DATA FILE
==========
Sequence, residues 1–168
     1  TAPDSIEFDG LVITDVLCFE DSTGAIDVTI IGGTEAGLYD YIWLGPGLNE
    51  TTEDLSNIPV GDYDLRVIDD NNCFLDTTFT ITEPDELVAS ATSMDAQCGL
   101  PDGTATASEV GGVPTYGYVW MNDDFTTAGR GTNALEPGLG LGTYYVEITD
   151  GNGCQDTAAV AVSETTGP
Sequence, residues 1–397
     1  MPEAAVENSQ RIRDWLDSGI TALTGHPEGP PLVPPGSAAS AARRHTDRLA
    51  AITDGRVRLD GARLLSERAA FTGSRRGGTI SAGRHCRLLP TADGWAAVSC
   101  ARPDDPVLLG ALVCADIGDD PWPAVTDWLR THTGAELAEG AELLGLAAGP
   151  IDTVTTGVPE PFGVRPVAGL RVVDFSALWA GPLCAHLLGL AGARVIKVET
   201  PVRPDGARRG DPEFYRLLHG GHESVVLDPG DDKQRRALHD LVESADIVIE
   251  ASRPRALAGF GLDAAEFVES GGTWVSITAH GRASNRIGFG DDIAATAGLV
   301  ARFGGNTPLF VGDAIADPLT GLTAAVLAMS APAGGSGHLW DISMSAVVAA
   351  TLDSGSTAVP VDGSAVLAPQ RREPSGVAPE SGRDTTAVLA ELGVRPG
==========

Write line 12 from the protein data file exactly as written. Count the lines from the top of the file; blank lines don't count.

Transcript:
   251  ASRPRALAGF GLDAAEFVES GGTWVSITAH GRASNRIGFG DDIAATAGLV